Add a Touch of Nicollet Mall to Your Backyard
Has the City of Minneapolis got a deal for you. Shortly after reconstruction on Nicollet Mall began, upward of 18,000 granite pavers from the old thoroughfare sidewalks hit the market. With work on the new Nicollet Mall now “substantially complete,” the city’s Department of Public Works is still sitting on a mountain of pavers that it would love to get rid of.
“Even if it takes 100 years to get rid of them, well, right now, that’s the plan,” says Mike Kennedy, director of Public Works’ transportation, maintenance and repair division. Until then, the pavers, largely unused backups bought in 1990 to replace damaged pavers, are being stowed in a secure facility in North Minneapolis waiting for interested buyers. Few have come forward. Larry Matsumoto, the city’s principal paving engineer, estimates no more than six individuals have contacted the department; all are private citizens looking to re-do their garden or build a backyard fire pit.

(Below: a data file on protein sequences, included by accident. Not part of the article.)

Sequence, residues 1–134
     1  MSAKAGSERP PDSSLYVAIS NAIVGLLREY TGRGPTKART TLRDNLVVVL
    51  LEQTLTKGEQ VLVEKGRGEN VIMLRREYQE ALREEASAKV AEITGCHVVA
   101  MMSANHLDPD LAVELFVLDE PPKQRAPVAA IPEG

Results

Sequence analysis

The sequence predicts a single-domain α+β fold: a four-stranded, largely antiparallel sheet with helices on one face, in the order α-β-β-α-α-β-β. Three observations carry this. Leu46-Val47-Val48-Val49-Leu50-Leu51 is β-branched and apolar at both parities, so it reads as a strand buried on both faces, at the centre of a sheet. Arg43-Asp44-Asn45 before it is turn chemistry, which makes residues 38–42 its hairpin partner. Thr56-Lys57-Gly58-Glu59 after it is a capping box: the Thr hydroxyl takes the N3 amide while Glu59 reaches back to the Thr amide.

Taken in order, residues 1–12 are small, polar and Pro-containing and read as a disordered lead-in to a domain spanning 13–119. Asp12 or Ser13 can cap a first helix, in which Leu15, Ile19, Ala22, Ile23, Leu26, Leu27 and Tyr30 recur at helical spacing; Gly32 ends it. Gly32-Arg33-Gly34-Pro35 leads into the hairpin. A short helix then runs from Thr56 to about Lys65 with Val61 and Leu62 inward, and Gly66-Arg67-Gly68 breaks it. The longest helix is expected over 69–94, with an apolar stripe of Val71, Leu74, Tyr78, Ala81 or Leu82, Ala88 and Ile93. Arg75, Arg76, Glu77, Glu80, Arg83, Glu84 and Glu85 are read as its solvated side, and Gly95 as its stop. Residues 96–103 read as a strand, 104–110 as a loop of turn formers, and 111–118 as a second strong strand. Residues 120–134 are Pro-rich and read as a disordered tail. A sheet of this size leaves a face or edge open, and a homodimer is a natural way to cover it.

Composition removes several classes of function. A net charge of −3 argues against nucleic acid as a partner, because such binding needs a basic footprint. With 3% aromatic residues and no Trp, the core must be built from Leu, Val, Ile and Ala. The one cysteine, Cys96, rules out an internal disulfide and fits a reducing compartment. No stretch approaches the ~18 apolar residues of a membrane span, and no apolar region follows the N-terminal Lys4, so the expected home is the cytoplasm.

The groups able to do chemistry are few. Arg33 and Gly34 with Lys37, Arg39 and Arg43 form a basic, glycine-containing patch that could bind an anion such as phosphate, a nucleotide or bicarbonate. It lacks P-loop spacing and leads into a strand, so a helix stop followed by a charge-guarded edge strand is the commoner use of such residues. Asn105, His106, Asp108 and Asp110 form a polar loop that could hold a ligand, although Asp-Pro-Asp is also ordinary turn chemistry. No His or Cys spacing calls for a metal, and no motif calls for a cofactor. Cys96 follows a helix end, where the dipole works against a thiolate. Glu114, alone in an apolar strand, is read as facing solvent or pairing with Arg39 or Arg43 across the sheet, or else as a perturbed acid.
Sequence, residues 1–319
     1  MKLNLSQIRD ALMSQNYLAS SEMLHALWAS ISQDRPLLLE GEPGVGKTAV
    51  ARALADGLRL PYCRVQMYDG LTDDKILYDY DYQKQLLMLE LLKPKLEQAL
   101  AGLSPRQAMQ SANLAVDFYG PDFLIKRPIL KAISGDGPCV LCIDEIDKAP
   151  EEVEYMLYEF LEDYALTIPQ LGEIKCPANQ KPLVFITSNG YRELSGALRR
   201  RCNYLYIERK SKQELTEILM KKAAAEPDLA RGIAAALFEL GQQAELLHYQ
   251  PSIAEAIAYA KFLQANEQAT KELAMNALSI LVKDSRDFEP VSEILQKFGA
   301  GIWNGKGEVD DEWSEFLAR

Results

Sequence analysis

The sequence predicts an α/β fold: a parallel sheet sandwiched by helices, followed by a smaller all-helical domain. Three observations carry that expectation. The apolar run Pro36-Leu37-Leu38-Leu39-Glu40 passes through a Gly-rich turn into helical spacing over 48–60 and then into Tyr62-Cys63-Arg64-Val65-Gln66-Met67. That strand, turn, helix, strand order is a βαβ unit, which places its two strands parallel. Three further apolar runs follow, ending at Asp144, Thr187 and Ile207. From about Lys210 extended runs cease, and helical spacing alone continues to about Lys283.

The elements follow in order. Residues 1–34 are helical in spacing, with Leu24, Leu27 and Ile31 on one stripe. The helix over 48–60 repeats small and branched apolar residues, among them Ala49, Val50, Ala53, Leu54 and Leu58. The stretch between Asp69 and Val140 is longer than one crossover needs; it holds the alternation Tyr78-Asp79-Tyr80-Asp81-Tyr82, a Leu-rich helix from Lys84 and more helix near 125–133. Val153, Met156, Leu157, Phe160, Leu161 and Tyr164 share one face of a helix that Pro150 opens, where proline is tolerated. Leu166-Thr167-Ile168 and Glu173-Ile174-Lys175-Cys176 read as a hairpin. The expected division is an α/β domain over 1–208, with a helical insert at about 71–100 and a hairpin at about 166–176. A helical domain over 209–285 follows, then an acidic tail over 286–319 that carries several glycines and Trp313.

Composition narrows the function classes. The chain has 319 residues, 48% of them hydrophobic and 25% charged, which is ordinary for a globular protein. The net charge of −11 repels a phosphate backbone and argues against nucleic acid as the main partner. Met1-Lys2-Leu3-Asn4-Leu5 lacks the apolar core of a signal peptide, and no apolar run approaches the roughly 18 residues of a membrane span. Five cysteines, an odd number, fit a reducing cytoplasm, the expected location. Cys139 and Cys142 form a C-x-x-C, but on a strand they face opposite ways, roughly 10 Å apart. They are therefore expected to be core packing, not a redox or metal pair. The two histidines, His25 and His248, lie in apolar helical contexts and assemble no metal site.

Matsumoto says the price is in line with competitors (starting at $4 per paver), namely home goods retailers. Before putting them up for sale, Matsumoto talked to a number of landscapers, he says, including Maple Grove-based Coldspring granite company—where the city bought the pavers in the first place.
The idea to sell the pavers follows a system the Public Works Department set up in the early 2000s. “Back in the day when we would open up streets for construction, we’d often have people come out and pull bricks right out of the street,” says Kennedy. (These pavers dated back a century or more.) “In a way, selling the bricks on our website was a [way] to keep [the public] off our construction sites.” Buyers snapped up these those classic paving bricks, such is their appeal. But with such slim interest in the newer pavers, few sales are forthcoming.
The money the city receives from selling its bricks and pavers generally covers the cost to move and store them, Matsumoto estimates. “We’re competing with Menards and Home Depot to sell these things,” adds Kennedy. “There just aren’t that many people who are really gung-ho to get Nicollet Mall pavers.”